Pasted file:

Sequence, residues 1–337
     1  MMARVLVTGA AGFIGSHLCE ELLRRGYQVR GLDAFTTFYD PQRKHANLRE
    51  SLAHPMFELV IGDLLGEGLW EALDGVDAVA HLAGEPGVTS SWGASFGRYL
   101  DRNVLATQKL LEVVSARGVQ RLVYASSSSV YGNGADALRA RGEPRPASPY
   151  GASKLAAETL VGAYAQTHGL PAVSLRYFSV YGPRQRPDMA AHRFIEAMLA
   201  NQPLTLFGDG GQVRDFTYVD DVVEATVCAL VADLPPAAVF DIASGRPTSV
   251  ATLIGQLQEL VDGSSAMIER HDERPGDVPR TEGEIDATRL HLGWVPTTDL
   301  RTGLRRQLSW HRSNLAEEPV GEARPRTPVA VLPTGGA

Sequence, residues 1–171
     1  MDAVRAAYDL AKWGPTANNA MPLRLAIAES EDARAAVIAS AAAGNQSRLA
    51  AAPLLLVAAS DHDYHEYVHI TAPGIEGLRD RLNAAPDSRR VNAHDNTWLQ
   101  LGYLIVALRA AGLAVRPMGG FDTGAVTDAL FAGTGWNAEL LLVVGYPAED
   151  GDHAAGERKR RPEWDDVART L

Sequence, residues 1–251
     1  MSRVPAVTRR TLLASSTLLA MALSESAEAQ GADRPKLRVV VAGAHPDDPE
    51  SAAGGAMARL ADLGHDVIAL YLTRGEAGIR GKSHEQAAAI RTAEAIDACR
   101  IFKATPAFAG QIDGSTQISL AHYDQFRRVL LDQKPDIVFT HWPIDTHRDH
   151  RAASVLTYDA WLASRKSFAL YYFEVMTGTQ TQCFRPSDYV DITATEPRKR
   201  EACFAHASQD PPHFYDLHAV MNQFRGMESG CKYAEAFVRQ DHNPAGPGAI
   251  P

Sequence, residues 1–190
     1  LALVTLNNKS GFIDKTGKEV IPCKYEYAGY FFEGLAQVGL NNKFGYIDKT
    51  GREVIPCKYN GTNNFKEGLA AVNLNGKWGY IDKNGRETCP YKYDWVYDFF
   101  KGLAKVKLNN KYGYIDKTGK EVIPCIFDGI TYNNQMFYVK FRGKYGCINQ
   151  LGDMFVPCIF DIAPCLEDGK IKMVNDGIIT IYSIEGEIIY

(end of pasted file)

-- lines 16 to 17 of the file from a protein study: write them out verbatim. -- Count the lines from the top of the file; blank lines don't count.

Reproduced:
    51  SAAGGAMARL ADLGHDVIAL YLTRGEAGIR GKSHEQAAAI RTAEAIDACR
   101  IFKATPAFAG QIDGSTQISL AHYDQFRRVL LDQKPDIVFT HWPIDTHRDH